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Children’s brain development needs our attention

March 16, 2020
Children’s brain development needs our attention

It seems that the first peaks and troughs of settling into kinder and school are resolving, particularly with the great collaboration between Speech Pathologists, Occupational Therapist and teacher. Just when you thought you could breathe a sigh of relief some schools are closing, hopefully temporarily. Just so you know we have a privacy protected and easy to use platform for Telehealth so if you can’t make an appointment, we can always conduct a therapy session with you from your home. Please see the article about this further in the newsletter.  

On the 25th February I enjoyed presenting to the Kew Perinatal Mental Health Professionals Network on “Parent-Child Engagement and Early Communication Development”. This group have a rich bouquet of experience and knowledge being made up of psychologists, social workers, maternal and child health nurses, occupational therapists, speech pathologists and psychiatrists.  

In this presentation we reflected on the fact that babies are not just born with a brain that is ready to operate. Instead, the architecture of a baby’s brain develops from the ‘serve and return’ of baby’s interactions with their parents and caregivers. From every back and forth interaction with the baby pathways are formed in the brain; and frequently used pathways become circuits which become faster and faster with frequent use. We know that the first 3 years are critical in the development of this brain architecture and that from the earliest days, memory, motor and visual skills, language, emotion and behavioural control are all developing in synchrony.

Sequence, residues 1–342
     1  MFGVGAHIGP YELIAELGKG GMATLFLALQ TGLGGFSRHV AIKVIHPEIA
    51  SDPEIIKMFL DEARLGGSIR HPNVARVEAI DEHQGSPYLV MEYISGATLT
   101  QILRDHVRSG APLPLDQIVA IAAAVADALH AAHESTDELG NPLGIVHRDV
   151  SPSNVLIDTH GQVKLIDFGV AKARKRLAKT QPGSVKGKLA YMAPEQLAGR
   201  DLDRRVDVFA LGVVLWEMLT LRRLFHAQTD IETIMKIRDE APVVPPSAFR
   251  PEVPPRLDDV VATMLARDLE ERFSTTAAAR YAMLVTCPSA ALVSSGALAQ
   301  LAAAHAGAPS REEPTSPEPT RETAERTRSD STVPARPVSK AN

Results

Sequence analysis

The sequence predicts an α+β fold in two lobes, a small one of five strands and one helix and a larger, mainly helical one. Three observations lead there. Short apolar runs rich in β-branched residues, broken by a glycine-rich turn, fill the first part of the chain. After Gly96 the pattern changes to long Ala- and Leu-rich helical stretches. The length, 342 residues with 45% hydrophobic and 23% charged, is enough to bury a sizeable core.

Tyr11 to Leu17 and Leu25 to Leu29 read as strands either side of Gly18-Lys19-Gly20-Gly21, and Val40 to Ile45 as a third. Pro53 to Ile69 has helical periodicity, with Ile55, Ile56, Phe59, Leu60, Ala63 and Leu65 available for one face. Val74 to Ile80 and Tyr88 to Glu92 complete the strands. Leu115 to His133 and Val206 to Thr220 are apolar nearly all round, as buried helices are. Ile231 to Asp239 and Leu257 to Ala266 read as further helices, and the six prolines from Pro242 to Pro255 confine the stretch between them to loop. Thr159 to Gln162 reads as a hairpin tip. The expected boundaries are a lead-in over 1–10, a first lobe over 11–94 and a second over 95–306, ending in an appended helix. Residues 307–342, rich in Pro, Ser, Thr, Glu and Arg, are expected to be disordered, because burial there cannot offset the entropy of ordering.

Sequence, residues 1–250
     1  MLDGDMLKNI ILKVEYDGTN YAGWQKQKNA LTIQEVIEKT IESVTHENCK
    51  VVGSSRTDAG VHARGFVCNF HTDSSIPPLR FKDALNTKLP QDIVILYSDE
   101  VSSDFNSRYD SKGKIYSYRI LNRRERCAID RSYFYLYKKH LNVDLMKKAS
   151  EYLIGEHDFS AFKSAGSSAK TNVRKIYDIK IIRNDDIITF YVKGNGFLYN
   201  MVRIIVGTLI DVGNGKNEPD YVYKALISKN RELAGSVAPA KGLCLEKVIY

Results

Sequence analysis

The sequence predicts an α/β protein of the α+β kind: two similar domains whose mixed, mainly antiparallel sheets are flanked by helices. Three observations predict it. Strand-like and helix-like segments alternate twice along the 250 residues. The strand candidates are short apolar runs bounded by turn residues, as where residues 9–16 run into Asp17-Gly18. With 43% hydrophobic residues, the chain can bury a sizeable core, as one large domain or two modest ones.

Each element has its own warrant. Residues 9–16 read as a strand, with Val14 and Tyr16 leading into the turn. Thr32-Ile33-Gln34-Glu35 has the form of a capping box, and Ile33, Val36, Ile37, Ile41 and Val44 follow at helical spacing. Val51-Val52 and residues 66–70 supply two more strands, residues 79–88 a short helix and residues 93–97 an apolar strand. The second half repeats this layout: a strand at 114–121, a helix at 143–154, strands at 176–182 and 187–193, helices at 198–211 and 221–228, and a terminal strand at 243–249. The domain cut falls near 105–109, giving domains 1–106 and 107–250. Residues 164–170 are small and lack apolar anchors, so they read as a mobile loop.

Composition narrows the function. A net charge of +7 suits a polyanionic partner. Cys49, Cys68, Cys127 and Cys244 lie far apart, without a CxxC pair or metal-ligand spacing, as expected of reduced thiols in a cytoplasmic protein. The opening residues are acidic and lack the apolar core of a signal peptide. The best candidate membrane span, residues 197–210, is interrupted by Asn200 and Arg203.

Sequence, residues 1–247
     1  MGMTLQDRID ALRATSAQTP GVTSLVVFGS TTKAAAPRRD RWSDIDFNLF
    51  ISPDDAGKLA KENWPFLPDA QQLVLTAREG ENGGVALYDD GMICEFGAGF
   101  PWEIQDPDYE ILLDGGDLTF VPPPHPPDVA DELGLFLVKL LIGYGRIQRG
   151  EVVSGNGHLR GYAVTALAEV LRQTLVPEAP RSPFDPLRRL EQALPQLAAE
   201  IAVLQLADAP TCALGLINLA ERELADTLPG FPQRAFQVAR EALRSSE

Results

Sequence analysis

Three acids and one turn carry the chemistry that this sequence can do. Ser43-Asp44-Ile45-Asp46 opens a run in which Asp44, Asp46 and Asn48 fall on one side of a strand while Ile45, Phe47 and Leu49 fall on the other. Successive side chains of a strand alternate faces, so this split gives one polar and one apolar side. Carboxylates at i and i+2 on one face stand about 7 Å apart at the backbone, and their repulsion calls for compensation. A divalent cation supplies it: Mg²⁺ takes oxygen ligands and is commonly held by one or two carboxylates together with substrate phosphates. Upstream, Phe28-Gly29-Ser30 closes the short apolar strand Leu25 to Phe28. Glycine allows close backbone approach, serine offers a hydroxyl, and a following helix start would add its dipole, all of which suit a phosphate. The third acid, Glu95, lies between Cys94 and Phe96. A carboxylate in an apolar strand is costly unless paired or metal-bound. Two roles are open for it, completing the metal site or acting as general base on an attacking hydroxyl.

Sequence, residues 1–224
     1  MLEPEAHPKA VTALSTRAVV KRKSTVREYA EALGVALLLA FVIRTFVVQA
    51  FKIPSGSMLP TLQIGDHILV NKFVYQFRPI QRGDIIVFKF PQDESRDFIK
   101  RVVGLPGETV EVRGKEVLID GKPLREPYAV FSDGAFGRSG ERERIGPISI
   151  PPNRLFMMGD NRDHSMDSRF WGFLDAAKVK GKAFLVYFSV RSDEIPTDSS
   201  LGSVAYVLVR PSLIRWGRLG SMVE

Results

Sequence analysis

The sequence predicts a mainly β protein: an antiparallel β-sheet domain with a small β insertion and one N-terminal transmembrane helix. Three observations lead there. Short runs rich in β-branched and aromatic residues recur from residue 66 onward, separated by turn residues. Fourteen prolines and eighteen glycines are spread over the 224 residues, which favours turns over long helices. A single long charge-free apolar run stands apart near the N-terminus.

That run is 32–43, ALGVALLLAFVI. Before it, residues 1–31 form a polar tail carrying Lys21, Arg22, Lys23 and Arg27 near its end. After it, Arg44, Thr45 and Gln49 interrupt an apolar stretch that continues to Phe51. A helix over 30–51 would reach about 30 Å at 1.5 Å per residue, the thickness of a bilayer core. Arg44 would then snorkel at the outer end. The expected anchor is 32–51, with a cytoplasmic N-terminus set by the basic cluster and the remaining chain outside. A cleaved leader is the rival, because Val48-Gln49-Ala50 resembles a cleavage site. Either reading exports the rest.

A newborn can see about 30 cm. This is the perfect distance between Mother and Baby’s face where baby can focus on her mother’s face and eyes when being fed and held. When the baby looks at the mother or ‘serves’, the mother ‘returns’ with loving facial expression, eye contact and talking in ‘motherese’.  These earliest interactions are forming connections and circuits for memory, language, social and emotional foundations. The baby is totally dependent on their parent or a necessary parent substitute to provide this critical serve and return for the development of their brain, so as parents we can try to be as available as possible to tune in to our little ones as no one else can do it half as well as you can.   To hear a podcast of this presentation click here.

Many of the children that come to Melbourne Child Development have been slower to develop their communication skills despite having available, attuned and loving parents and caregivers. As we know, our brains are plastic until the day we die, so we can help these children by being in tune with very subtle communication cues and by responding in more intense emotional ways so that they pick up our cues. We also provide ideas to stimulate the child’s serve and return by identifying the individual profile of each child.  

The Hanen ©More Than Words program currently being run at Melbourne Chid Development is a Program that does exactly this. Our dynamic Speech Pathologists Natasha Kolivas and Alexandra Crea are facilitators of our current program and assure me that they have enough energy to run another program in the second half of the year so please let Client Services know if you are interested.  

Six of our staff attended a presentation by Professor Andrew Whitehouse on the 24th of February on the future of Autism research. Professor Whitehouse is professor of Autism Research at the Telethon Institute and the Autism CRC. He discussed a clinical trial where parents who are about to have a baby and who already have a child diagnosed with Autism Spectrum Disorder can participate in a pre and antenatal intervention program to work proactively to facilitate brain connections and circuits in their new baby. Places are available in the clinical trial. Please contact us for details.   

Kind regards,

Robyn Stephen 
Practice Principal